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Legislative foot-dragging lost a few of its power in 2013 when Senate Democrats invoked the so-called nuclear alternative for most nominees, allowing them to be confirmed by way of a simple majority rather than requiring 60 votes, and Republicans expanded that procedure for Supreme court nominees a year ago.
But because Senate operates almost seen on unanimous consent, one senator can continue to threaten to significantly gum within the procedural works if her / his hold isn’t honored. Together with Republicans occupying only 51 seats, a GOP senator’s objection carries more weight.
In practice, a senator aiming to prevent a vote just has to announce – or quietly make it known – that she / he will likely not accept to fast-tracking a nominee, forcing leadership to burn multiple days to have inside the matter.
Sen. Ted Cruz (R-Texas) is objecting to a Agriculture Department nominee to push for changes to national ethanol policy. Dean Heller (R-Nev.), an opponent from the proposed Yucca Mountain nuclear waste repository in the home state, is blocking a nominee for the Nuclear Regulatory Commission. Cory Gardner (R-Colo.) is blocking Justice Department nominees over marijuana policy. Majority Whip John Cornyn (R-Texas) barred a vote over the nominee for your No. 2 spot at the Office of Management and Budget over Hurricane Harvey relief funding.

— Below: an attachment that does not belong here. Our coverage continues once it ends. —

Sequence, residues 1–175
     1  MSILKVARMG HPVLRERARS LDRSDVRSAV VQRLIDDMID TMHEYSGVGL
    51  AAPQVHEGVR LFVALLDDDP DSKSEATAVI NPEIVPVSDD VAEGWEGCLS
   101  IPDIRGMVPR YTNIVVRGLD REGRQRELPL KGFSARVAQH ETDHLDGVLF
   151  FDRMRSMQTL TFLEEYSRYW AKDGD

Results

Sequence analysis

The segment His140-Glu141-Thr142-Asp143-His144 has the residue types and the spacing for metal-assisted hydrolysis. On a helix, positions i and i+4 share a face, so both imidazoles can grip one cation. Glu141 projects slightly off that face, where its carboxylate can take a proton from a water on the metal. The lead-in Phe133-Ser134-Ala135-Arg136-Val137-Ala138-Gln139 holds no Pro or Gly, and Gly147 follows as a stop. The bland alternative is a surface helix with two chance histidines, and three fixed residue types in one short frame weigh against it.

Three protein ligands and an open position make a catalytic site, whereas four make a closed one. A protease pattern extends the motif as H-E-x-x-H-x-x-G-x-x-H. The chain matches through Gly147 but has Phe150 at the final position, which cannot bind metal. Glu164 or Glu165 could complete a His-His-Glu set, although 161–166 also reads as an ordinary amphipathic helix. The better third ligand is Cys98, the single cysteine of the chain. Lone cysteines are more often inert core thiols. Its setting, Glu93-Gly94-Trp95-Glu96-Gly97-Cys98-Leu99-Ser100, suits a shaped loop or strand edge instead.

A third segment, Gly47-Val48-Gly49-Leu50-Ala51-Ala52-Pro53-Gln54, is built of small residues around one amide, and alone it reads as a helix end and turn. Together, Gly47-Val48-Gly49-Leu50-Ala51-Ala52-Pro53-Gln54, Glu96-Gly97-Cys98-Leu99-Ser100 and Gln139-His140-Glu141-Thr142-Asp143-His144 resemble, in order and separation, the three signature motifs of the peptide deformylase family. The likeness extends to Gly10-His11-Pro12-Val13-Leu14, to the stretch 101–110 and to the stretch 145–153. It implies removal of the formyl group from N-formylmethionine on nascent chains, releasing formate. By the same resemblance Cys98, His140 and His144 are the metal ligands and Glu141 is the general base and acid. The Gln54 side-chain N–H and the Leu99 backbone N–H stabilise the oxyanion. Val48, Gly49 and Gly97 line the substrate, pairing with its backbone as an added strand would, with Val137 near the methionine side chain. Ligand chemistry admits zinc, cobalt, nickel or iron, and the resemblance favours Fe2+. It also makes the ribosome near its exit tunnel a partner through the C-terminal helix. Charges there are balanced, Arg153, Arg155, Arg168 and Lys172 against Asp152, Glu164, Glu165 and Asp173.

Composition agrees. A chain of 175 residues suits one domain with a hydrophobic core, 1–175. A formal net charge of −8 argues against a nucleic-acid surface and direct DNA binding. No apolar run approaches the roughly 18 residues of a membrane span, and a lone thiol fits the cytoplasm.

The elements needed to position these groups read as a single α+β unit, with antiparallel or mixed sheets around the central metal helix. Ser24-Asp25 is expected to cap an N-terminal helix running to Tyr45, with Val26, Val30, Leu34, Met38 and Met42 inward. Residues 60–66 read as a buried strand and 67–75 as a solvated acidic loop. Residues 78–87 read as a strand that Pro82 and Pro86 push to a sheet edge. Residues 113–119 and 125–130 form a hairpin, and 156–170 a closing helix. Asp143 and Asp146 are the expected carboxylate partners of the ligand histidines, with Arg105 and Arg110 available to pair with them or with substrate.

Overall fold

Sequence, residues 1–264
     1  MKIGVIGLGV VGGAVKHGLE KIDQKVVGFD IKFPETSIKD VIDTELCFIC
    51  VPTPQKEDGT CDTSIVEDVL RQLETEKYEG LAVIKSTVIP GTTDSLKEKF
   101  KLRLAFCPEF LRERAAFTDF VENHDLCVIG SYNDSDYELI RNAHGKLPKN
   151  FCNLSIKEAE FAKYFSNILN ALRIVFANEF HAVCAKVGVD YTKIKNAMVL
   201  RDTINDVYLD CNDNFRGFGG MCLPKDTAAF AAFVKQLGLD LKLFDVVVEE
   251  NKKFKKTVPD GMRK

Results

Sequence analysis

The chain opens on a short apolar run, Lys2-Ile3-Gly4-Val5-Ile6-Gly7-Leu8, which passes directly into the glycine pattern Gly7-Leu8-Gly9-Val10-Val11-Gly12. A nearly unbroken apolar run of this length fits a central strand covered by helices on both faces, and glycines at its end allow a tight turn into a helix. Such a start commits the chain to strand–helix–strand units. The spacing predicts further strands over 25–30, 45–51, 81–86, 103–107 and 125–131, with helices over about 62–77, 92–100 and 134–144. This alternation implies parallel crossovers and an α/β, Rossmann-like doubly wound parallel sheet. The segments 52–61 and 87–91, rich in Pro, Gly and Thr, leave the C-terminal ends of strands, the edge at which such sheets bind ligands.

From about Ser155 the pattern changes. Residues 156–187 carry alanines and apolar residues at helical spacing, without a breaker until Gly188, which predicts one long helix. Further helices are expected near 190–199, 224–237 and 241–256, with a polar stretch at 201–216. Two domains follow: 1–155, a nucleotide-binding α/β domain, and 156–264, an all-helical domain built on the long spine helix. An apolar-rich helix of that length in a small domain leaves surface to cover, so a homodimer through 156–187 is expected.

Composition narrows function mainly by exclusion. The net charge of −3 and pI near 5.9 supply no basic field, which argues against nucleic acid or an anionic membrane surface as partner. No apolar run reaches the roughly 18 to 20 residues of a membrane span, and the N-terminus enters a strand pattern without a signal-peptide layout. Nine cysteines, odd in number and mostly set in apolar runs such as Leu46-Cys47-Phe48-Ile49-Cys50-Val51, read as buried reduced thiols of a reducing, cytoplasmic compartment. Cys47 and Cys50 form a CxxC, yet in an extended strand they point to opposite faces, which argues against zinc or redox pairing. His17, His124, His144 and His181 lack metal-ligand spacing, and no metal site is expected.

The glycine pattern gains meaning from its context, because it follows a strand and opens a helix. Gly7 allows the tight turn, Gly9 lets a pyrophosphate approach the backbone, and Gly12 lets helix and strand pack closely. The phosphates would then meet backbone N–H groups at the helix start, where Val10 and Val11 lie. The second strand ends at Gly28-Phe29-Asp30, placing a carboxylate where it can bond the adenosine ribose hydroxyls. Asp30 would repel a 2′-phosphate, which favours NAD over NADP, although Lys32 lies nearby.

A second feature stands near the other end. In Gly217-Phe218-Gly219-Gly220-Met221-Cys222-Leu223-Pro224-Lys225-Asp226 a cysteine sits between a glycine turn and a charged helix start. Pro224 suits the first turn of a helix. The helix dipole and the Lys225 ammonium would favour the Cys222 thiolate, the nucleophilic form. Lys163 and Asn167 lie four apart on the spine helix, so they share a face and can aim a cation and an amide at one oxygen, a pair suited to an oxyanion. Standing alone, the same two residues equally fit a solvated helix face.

Meanwhile, Military Chairman John McCain (R-Ariz.) has blocked several Defense Department nominees over inadequate specifics of wars in Afghanistan and Iraq. Sen. Tim Scott (R-S.C.) soon lifted a hold he previously put on a Trump trade nominee to get focus issues within the state. Sen. Thom Tillis (R-N.C.) previously stood when it comes to a Department of Homeland Security nominee to pressure the agency on immigration. Todd Young (R-Ind.) temporarily blocked scenario Department nominee to make action relevant to Saudi Arabia and Yemen. And Rand Paul (R-Ky.) put a wait a Justice Department nominee over his past operate on National Security Agency surveillance.
Even more Republicans may very well be anonymously blocking nominees.
Democrats have thrown up loads of roadblocks , not surprisingly, galvanizing opposition to countless Trump nominees. That week, pressure from lawmakers of all sides helped force the White House to withdraw the nomination of former Texas regulator Kathleen Hartnett White, who had expressed doubts about the human role in climatic change, to move its Council on Environmental Quality.
Trump’s ire on these delays concentrates on Democrats, a concept to which he keeps returning. “Dems consider forever to approve my people, including Ambassadors,” he tweeted at the beginning of January. “They aren’t but OBSTRUCTIONISTS! Want approvals.”
It’s challenging make broad conclusions about that’s behind these delays because senators can place them on nominees unconditionally , nor always have to disclose them, although the Senate has had some steps to feature transparency on the process. An image resolution passed this season requires senators to generate public their holds on nominees or legislation once they submit written objections to party leaders. During the 2011-12 session, 24 objections were published, but time fell to nine these session and rose to 34 inside the 2015-16 session, good Congressional Research Service.
In 2017, the main half the present congressional session, eight objections were published, 1 / 2 of which originated from Iowa Republican Chuck Grassley, in accordance with a Politico look at the Congressional Record.